Japan condemns new hostage video as deadline looms

2015-01-28 06:55

Japan’s Prime Minister Shinzo Abe today condemned as “despicable” an Islamic State video threatening to kill a Japanese hostage within 24 hours.

An audio message on the video posted online late yesterday appeared to be the voice of journalist Kenji Goto pleading for the Jordanian and Japanese governments to carry out a prisoner exchange to save his life.

“I feel strong resentment toward such an extremely despicable act,” Abe said today.

In the recording, Goto said the jihadist group would kill him and a Jordanian Air Force pilot captured in Syria unless a convicted terrorist held by Jordan, Sajida al-Rishawi, was freed within 24 hours, which would be late today in Japan.

Iraqi al-Rishawi is a would-be suicide bomber who was sentenced to death for taking part in a series of attacks in the Jordanian capital Amman in 2005. She said her bomb had failed to detonate, broadcaster Al Jazeera reported.

“Her for me, a straight exchange. Any more delays by the Jordanian government will mean they are responsible for the death of the pilot which will then be followed by mine. I only have 24 hours left to live, and the pilot has even less,” Goto says in the audio recording.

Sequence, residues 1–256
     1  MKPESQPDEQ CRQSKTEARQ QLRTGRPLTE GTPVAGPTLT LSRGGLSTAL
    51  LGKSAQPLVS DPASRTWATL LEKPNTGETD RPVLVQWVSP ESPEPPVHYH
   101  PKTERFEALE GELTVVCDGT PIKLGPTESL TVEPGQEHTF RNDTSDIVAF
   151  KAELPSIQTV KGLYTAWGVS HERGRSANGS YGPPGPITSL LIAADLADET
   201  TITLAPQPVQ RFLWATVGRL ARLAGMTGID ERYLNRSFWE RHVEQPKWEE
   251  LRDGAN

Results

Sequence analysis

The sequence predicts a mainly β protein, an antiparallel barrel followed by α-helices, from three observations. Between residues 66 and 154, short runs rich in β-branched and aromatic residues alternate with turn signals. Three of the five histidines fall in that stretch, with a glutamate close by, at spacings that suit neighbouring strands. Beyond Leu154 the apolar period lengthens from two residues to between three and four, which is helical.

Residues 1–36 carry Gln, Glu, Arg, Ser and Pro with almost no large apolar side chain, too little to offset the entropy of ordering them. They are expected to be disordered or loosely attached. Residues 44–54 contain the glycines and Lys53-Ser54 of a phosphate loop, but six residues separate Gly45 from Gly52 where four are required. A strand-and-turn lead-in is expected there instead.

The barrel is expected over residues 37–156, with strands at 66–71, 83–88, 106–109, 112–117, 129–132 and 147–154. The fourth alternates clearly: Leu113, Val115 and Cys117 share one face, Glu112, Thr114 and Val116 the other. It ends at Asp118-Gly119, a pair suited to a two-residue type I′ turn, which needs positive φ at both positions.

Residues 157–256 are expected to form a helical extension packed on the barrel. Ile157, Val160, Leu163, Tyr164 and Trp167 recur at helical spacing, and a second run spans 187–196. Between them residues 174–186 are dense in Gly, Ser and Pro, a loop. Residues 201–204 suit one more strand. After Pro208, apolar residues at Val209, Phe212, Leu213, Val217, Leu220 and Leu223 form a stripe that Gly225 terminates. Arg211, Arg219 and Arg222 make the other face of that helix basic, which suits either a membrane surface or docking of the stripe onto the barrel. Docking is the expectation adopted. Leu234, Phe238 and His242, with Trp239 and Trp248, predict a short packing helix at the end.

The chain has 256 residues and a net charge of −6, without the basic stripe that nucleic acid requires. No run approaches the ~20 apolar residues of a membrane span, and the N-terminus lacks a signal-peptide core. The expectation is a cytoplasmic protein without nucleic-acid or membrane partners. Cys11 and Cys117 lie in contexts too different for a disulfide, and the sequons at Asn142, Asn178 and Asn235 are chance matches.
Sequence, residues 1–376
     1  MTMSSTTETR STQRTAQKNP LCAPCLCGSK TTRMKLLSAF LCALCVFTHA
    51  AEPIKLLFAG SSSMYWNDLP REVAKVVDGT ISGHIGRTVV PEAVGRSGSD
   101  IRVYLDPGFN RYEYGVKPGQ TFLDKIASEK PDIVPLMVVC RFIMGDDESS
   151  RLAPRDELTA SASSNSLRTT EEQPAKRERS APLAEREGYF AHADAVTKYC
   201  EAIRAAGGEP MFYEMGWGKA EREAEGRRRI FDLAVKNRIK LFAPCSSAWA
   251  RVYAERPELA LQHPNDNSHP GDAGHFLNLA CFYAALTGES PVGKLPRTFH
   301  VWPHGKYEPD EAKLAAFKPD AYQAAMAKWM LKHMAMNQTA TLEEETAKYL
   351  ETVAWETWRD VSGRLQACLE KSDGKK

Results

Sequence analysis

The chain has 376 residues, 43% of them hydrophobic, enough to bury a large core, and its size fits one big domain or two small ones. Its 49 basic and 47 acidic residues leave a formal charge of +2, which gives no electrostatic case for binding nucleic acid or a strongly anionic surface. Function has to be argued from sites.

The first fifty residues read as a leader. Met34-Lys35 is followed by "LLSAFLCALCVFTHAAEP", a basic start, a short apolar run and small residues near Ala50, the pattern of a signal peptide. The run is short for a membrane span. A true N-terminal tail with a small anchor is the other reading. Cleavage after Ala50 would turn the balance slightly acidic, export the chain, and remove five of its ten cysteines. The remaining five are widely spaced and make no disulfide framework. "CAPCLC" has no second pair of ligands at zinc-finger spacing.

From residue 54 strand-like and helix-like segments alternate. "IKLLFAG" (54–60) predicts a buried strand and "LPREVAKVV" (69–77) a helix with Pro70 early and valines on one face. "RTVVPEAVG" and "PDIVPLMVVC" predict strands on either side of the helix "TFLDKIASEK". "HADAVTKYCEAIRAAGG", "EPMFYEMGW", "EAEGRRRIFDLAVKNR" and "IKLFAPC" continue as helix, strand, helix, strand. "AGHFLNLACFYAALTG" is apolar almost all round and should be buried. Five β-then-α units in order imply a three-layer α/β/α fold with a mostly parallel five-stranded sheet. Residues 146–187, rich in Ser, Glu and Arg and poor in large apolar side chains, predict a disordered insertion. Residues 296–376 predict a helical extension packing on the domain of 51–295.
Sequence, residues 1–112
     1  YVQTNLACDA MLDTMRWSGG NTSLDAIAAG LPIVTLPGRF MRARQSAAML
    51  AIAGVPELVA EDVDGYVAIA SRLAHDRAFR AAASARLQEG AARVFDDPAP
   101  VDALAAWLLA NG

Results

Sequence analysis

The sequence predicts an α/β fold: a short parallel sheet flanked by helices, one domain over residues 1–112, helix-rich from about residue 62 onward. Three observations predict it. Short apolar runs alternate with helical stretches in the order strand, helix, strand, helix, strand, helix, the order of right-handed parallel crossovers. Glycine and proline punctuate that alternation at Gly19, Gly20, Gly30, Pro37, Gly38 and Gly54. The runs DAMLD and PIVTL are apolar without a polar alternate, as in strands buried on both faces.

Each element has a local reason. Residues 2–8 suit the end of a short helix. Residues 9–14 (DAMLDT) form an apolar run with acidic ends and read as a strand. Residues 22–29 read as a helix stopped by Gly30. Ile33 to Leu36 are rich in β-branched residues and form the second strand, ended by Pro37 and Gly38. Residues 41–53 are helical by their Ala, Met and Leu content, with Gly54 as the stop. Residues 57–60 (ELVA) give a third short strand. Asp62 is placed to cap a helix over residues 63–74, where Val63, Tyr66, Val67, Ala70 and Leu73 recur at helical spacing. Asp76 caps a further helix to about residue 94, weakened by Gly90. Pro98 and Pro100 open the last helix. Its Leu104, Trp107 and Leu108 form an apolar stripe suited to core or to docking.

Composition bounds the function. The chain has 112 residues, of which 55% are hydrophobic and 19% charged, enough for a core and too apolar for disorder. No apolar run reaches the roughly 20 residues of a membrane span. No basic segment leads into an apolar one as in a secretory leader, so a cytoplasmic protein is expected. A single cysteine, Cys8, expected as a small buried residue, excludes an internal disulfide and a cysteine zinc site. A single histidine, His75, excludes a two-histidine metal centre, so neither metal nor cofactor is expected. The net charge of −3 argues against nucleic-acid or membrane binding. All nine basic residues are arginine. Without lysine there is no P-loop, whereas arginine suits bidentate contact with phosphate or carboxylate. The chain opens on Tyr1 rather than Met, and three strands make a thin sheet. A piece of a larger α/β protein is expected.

On Sunday, the Islamic State claimed responsibility for the beheading of Japanese hostage Haruna Yukawa.

Japan’s Kyodo news agency reported yesterday that Jordanian authorities were considering releasing al-Rishawi in exchange for Goto and the pilot, First Lieutenant Mu’ath al-Kaseasbeh.

“Japan has sought cooperation from Jordan in an extremely severe situation for Mr Goto’s swift release, and this policy will not change,” Chief Cabinet Secretary Yoshihide Suga said today.

The pilot’s father, Safi al-Kaseasbeh, made a last-ditch appeal for Jordan “to meet the demands” of the Islamic State group.

“All people must know, from the head of the regime to everybody else, that the safety of Mu’ath means the stability of Jordan, and the death of Mu’ath means chaos in Jordan,” he said.

About 200 relatives of the pilot demonstrated outside the prime minister’s office in the Jordanian capital of Amman, chanting anti-government slogans and urging it to meet the captors’ demands.

A member of Jordan’s Parliament said the country was in indirect talks with the militants to secure the hostages’ release. Bassam al-Manasseer, chairperson of the foreign affairs committee, said that the negotiations are taking place through religious and tribal leaders in Iraq, adding that Jordan and Japan won’t negotiate directly with the Islamic State and won’t free al-Rishawi in exchange for Goto only.

Manasseer’s comments were the strongest suggestion yet that authorities in Jordan and Japan may be open to a prisoner exchange, something that would go against the policy of the kingdom’s main ally, the United States, which opposes negotiating with extremists.

Japan’s Deputy Foreign Minister Yasuhide Nakayama was in Amman to coordinate hostage-release efforts with Jordan, but refused to comment on details of the talks early today.

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